Action against transgenders will do more harm than good, says group

Sisters in Islam says authorities such as Jawi should engage with the transgender community. (JAWI Facebook pic)

PETALING JAYA: A women’s rights group today voiced concern that Putrajaya’s decision to allow the Federal Territories Islamic Religious Department (Jawi) to act against transgenders would only endanger the community.

Sisters in Islam (SIS) said the transgender community in Malaysia already faced discrimination, stigma, harassment and systemic inequality.

It said this had resulted in many experiencing sexual harassment and “assault” from religious authorities during detention and when they were not working.

Calling for compassion, SIS said the community had limited resources to defend themselves, limited support from their families or friends which can cause them to be shunned by society, and limited access to justice and legal protection.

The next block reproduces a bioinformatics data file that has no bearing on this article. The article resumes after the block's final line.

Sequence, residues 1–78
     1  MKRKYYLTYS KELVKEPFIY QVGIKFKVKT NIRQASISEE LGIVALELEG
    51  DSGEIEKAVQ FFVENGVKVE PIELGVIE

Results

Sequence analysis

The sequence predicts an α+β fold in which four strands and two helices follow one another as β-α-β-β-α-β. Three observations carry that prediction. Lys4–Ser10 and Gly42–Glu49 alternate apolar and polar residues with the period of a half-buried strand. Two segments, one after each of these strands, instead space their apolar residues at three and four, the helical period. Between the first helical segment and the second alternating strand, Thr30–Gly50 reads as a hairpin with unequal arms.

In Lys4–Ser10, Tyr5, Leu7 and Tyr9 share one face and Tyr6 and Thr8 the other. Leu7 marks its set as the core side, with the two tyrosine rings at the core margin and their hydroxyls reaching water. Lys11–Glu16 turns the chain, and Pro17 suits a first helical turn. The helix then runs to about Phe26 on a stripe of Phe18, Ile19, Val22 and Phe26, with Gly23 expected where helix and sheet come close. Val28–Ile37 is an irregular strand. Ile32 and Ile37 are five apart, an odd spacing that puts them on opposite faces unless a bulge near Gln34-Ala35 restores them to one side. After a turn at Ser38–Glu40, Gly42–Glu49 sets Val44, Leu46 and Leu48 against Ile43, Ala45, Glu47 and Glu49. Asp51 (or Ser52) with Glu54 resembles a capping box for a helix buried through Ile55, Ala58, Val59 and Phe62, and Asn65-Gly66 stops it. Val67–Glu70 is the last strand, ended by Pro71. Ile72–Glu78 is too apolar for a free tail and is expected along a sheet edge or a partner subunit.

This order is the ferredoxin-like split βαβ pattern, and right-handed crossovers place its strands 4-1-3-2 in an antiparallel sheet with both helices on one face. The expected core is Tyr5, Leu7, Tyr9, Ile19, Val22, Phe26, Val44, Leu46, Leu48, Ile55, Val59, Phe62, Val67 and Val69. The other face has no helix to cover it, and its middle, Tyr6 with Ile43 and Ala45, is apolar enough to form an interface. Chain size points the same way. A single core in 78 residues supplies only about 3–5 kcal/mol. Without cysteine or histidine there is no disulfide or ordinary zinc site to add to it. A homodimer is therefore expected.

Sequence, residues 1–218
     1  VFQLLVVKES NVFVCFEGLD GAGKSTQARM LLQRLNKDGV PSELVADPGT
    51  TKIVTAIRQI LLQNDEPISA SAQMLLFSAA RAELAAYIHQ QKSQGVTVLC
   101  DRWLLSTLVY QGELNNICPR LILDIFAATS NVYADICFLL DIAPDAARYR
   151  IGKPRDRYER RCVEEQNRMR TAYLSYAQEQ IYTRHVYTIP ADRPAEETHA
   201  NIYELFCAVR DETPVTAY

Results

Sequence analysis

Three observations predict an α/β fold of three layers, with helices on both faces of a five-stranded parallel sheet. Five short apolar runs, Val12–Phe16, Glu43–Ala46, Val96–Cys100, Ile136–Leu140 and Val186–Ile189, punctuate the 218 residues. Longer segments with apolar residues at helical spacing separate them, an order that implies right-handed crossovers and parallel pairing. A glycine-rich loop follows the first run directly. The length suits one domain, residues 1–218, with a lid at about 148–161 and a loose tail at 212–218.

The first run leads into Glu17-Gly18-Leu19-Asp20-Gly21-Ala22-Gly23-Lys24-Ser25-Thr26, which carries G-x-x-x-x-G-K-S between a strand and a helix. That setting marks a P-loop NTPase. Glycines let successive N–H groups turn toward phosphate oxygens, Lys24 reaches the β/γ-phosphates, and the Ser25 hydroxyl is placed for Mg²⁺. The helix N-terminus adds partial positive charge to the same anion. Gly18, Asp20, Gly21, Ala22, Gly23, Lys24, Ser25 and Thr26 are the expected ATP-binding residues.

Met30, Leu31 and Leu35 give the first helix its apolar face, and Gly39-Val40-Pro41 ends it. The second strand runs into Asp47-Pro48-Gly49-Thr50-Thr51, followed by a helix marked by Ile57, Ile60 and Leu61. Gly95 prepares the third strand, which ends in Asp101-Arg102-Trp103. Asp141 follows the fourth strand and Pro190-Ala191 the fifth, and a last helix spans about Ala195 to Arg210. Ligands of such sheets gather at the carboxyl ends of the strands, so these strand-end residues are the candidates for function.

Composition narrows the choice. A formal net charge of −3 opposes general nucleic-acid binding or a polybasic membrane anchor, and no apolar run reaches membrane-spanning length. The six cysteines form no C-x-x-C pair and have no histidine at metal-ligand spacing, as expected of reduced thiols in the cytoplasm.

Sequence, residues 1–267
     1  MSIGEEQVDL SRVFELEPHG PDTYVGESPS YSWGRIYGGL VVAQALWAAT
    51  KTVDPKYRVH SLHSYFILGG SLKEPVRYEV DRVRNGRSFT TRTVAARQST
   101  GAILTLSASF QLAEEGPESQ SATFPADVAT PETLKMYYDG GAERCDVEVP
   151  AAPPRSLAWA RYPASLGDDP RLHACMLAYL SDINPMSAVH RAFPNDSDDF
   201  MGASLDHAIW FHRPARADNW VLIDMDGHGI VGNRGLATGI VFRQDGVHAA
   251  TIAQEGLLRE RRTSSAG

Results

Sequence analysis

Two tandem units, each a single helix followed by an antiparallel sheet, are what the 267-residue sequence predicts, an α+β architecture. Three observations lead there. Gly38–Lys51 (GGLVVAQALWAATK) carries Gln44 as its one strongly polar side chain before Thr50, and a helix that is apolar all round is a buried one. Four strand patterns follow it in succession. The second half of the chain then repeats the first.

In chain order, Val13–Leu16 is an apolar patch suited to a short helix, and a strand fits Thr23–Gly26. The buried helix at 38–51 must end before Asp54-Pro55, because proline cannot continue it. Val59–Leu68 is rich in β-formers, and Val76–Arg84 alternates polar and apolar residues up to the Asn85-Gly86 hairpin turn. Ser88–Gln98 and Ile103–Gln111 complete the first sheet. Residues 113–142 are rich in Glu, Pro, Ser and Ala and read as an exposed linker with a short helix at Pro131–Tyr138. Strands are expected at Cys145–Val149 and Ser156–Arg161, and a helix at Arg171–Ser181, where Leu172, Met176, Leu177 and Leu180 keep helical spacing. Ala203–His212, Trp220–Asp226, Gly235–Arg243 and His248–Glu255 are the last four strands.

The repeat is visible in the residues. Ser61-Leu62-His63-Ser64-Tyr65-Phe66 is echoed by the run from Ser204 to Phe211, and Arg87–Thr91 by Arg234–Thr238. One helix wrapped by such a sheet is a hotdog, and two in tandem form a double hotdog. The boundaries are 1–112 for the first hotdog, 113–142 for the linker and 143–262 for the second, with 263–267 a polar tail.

This was why it disagreed with the decision to give Jawi “full licence” to act against them.

“It will inflict more harm than good,” it said in a statement today.

“Enforcement to educate the transgender community back to the right path would only heighten the stigmatisation and aggravate the aggression towards them by the public, making them more vulnerable to violence and threats to their lives.”

On Friday, minister in charge of religious affairs Zulkifli Mohamad Al-Bakri gave Jawi the green light to take action against the transgender community.

In a Facebook post, Zulkifli said apart from arrests, the department would provide religious education aimed at getting the community to return to “the correct path”.

He also said that religious authorities must comply with the SOPs.

But SIS said this raised several questions, including what the SOPs were and their effectiveness in protecting the community from being harmed.

“Will their dignity be preserved during raids? What kinds of mechanisms are in place to ensure that these SOPs are properly adhered to?” it asked.

It urged religious authorities to instead engage with the community, noting that it was something Zulkifli had done in the past as Federal Territories mufti.

Such engagement, SIS said, would allow authorities to understand the situation and challenges faced by the community.

“Islam teaches us to be kind and compassionate to everyone and not to discriminate, shame or act violently, regardless of their backgrounds, gender or identities,” it said.

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